By Megan Sayles,
AFRO Business Writer,
Report for America Corps Member,
Mayor Brandon Scott’s administration recently released the findings of the 2022 Disparity Study for the City of Baltimore, which was conducted by Tampa, Fla.-based MGT Consulting Group.
This is the first time the study has been conducted since 2014 and much of the impetus for it was to evaluate the participation and utilization of minority- and women-owned businesses in the city’s procurement and contracting process.
The study found that past discrimination in the system has resulted in the underutilization of minority- and women-owned businesses and enterprises.
“We’re talking about a procurement system that really was—is, until we’re able to get it all changed, based to not support local, especially minority- and women-owned businesses, because it values lowest bid versus the biggest and greatest value to the city itself, which is what we’re trying to change,” said Mayor Brandon Scott.
Scott’s mayoral campaign included a pledge to reform the city’s procurement process, which he characterized as outdated, inefficient and inequitable. According to the mayor, his administration requested this study as part of its ongoing work to revise the system.
The study found that African American-owned businesses were underutilized in contracts for goods and services, architecture and engineering and professional services. Construction was the only category that found no disparity between African American-owned firms and their counterparts, but the bulk of the payments went to just two businesses, according to the study.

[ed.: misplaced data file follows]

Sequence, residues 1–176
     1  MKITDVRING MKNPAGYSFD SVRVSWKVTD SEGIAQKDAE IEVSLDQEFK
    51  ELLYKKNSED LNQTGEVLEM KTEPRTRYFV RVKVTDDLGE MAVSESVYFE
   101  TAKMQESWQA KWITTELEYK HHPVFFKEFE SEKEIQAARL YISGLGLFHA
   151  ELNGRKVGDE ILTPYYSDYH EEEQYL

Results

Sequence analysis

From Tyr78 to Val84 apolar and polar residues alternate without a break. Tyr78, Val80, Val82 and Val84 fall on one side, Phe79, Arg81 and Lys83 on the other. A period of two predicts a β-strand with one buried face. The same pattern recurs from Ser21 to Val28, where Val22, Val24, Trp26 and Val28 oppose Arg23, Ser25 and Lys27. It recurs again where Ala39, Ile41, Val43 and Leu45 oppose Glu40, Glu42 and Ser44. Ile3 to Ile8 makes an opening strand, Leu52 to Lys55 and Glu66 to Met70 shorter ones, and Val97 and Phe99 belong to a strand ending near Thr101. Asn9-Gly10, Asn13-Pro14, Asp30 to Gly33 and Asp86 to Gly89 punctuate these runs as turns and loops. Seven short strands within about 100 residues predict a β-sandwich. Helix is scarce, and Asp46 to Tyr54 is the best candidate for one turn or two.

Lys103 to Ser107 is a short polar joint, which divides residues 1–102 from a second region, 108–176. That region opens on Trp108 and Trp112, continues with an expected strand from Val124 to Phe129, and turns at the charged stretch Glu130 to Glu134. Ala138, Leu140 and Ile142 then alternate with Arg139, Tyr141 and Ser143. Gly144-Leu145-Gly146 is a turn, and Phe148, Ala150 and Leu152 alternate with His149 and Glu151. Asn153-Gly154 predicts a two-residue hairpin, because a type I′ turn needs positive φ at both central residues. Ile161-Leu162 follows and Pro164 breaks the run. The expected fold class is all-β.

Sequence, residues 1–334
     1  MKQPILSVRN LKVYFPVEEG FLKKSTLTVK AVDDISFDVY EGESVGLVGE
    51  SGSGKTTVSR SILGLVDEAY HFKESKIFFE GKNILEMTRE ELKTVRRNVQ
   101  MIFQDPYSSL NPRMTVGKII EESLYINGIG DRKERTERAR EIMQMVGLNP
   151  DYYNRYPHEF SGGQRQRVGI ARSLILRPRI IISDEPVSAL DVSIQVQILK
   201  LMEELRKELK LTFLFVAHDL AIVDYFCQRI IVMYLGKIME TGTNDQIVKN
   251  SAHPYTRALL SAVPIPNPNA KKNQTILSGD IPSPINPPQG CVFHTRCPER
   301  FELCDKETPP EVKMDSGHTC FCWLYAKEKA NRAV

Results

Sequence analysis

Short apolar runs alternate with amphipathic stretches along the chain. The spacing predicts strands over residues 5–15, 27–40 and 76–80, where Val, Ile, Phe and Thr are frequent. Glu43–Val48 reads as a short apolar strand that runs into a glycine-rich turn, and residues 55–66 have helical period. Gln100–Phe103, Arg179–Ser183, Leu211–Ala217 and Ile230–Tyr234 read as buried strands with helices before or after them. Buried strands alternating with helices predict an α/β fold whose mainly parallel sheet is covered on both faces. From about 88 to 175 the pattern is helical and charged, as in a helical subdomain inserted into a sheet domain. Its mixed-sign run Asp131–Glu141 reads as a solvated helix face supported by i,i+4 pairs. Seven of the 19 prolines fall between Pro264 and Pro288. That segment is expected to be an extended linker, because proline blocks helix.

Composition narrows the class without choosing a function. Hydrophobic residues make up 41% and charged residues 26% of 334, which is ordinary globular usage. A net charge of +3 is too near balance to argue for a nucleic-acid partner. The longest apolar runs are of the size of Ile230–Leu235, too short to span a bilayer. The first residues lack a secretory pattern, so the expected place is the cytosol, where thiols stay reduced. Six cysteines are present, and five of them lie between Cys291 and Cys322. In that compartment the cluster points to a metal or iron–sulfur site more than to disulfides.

Overall, the study found that minority- and women-owned businesses and enterprises face disparities across all procurement categories. While 29.32 percent of city payments went to these firms, White, male-owned businesses were awarded 70.68 percent of total prime and subcontract spending.
When minority- and women-owned businesses and enterprises do procure projects from the city, they are also less likely to obtain prime contracts, according to the study.
Paul Taylor, director of the Mayor’s Office of Minority and Women-Owned Business Development (MWBD), said this underutilization results in dollar losses for Baltimore because the city government is not capitalizing on all of its local talent.
“It’s important because if we support those minority contractors and small businesses in the local market, more than likely, they’re going to hire somebody from the local market,” said Taylor. “When we hire people from the local market, they support our communities and our neighborhoods.”
In accordance with the study’s recommendations to mitigate disparities, Scott is reconfiguring the Minority and Women’s Business Opportunity Office (MWBOO) and placing it within the MWBD, so the agencies can coordinate their efforts and efficiently employ their resources.
The city is also assessing all minority- and women-owned businesses within the local market, looking at their capacity and challenges.
Taylor said there will be an overhaul of the city’s contract payment system to speed up payments, particularly for subcontractors, and the city is working to provide more information regarding future projects so minority- and women-owned businesses can better prepare themselves for procurement.
“You can’t meet 2020, 2021, 2022 goals on 1999- and 2000-based technology and systems, and that’s the most important thing that we’re changing alongside the combination of the offices,” said Scott.
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